To mitigate the potential effects of offshore wind farm construction on wildlife, the Ocean Conservation Administration yesterday said that it aims to train 40 marine mammal observers this year.
The agency held two policy explanation meetings, one in Taipei on Monday and the other in Kaohsiung yesterday, and has commissioned Awareocean Technology Co to conduct training sessions from next month, it said.
Applicants must be at least 18 years old and cannot be students, and must have experience working at sea or conducting ecological surveys, it added.
Due to the limited training budget of NT$2 million (US$63,432), only 40 trainees may participate, Marine Conservation Division senior specialist Ko Yuan-chuan (柯勇全) said, adding that the agency has already received nearly 150 applications.
After it stops accepting applications at 5pm on Monday next week, the agency would draw lots to decide on candidates and would finalize the list by June 24, it said.
The government has vowed to generate 5.5 gigawatts of electricity from offshore wind farms by 2025, attracting global energy developers to Taiwan and facilitating their connections with local industries.
During environmental impact assessments for construction projects off the coast of western Taiwan, the developers promised to employ observers to avoid harming marine mammals near the construction sites, the agency said.
As the cetacean observer system is brand new to Taiwan, the Environmental Protection Administration only required developers to hire “well-trained” observers, without defining their required expertise, while the oceans agency would evaluate its training program and might set up clearer criteria at a later date, Ko said.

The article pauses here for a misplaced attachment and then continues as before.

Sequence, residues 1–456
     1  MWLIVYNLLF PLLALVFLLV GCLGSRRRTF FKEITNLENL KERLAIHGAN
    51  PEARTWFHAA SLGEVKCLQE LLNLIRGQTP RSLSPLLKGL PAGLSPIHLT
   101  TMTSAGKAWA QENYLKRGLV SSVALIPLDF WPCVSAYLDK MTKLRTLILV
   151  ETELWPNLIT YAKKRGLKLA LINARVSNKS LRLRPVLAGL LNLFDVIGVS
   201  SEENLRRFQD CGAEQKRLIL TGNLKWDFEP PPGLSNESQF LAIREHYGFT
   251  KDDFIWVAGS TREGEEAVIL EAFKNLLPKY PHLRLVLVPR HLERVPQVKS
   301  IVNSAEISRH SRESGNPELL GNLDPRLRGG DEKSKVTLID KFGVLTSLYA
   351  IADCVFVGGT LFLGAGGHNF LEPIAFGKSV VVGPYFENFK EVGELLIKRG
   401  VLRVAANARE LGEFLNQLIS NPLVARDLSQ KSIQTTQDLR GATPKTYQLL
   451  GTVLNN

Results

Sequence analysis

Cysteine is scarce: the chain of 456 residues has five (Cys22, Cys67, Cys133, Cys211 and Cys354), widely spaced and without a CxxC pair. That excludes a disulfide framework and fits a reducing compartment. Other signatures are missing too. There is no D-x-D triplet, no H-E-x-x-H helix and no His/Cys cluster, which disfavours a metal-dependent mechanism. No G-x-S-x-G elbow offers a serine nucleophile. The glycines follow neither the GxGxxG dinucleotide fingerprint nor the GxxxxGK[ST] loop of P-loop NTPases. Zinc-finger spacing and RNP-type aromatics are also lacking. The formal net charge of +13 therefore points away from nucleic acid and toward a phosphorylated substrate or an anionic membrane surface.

The training sessions, which are to begin on July 9 in Taipei, are to include lectures by members of the Industrial Technology Research Institute’s Green Energy and Environmental Research Laboratories, the Taiwan Cetacean Society, Awareocean, PricewaterhouseCoopers Taiwan and WeatherRisk Explore Inc, Awareocean said.
All trainees are also required to spend one-and-half days aboard ships to put their learned skills into practice, which might take place in the waters off central Taiwan between July 15 and Aug. 31, depending on weather conditions, it said.
After passing a final written test, the trainees would receive a training certificate, it said.
However, the certificate does not guarantee that the trainees would get jobs, as the energy developers might ask them to undertake additional training, Ko said.
Some applicants have raised concerns about employment conditions, given that construction and observation tasks are susceptible to weather changes, he said, adding that the conservation agency would further discuss the matter with energy developers.
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